Farmer Focus: Sows slow to come into heat

It is April again. Last year we were knee deep in snow and did not start sowing until 20 April.

This year, with a dry, windy, March, our neighbour finished sowing (all oats) by mid-March. I started sowing on the 22 March and with hardly any stop, took the drill off on 1 April.

Spring barley varieties this year are Wagon and Propino, chosen for their yield and all will be fed to the pigs. I still have some to sow, but need to spread slurry and plough first.

See more: Read more articles from our Livestock Farmer Focus writers

Ploughing the peat bog this week I’ve found it nice and dry with more stones than peat. Pity I could not sell stones.

We have had another meeting with our vet Rachelle and pig specialist David Strachan and have more or less decided on a programme for the partial depopulation. We intend to do this later in the year.

The final date will be decided after we know when the new grower building will be finished; a decision that needs careful consideration.

As with any big investment you need to get it right first time.

Two months ago we had two batches of farrowings, with very low numbers born and when they weaned they seemed to be slow at coming into heat. Some sows were 18 days later that they should be, which is very unusual for us.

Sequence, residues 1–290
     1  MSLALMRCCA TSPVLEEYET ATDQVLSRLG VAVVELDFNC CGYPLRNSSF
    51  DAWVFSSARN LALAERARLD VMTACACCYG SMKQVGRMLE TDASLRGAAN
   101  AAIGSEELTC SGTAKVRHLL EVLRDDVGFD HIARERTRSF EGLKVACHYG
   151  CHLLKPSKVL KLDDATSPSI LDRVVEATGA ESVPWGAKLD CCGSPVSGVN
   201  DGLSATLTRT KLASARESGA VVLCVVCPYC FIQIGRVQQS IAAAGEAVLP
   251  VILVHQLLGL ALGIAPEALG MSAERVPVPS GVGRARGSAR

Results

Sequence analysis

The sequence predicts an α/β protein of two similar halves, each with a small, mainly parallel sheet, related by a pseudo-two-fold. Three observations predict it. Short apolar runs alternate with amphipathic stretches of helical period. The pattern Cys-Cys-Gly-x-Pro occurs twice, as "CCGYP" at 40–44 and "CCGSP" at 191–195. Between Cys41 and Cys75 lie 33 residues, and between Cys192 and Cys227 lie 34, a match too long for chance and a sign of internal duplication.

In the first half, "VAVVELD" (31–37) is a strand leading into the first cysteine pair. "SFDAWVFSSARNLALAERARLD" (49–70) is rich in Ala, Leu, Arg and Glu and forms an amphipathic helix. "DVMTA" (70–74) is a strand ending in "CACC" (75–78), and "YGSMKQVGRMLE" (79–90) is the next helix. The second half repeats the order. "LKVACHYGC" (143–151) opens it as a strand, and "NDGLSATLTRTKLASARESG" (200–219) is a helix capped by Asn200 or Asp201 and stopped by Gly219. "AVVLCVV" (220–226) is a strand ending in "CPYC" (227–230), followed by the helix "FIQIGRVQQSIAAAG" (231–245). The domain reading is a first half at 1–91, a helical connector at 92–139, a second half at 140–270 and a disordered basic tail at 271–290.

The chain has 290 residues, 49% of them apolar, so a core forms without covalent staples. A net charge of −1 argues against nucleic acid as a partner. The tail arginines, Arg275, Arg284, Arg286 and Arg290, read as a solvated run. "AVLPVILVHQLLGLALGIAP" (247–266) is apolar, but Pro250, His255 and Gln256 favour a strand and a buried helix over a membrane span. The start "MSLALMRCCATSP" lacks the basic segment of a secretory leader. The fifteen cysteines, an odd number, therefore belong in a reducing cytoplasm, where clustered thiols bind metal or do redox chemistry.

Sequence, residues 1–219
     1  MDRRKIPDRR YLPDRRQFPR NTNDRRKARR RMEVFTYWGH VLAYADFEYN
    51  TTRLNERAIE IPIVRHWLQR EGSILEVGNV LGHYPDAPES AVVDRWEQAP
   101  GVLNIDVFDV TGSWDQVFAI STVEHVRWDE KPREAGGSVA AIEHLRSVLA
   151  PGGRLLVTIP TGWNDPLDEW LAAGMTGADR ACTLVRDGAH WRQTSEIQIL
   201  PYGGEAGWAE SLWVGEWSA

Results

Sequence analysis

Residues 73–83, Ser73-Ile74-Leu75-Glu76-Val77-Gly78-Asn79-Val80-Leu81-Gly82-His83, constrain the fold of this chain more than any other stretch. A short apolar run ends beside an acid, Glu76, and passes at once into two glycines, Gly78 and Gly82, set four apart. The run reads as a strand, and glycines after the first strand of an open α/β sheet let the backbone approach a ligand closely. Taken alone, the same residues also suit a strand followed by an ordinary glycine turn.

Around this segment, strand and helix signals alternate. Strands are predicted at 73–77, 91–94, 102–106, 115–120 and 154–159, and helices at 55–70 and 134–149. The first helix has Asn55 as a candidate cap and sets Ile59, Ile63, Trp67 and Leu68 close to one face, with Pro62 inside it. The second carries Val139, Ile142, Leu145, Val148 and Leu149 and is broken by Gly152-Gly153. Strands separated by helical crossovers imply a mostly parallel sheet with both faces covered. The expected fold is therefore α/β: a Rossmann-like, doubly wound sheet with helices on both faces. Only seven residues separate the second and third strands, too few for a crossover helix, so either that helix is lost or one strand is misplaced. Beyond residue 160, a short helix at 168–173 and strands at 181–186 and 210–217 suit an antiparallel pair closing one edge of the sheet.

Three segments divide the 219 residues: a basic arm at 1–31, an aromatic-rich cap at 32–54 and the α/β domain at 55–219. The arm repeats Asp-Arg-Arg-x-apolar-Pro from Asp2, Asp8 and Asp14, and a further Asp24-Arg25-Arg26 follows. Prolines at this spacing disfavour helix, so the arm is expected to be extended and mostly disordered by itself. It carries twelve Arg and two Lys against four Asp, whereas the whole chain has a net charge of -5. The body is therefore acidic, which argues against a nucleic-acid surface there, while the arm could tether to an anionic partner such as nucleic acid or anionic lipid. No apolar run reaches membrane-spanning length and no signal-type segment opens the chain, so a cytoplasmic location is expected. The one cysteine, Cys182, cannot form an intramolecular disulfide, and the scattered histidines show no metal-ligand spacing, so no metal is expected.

Normally we would expect sows that are weaned on a Wednesday to be on heat and served five to six days later.

For the past two weeks we have been trying a fertility enhancer, top dressed on the sows’ feed for three days pre- and post-weaning.

This seems to have had a positive effect as all sows have come in heat on time, or perhaps it was just a blip and the sows would have come on heat anyway.

We will continue for a few more weeks to see what happens and observe conception rates.

Weaning numbers are continually improving, with the past six weeks averaging 12.8 pigs/sow, so as normal, pig farming has its ups and downs.

Danny Skinner farms 440 sows selling finished pigs through Scottish Pig Producers. He runs 125ha at home and rents a further 50ha, growing cereals for home mixing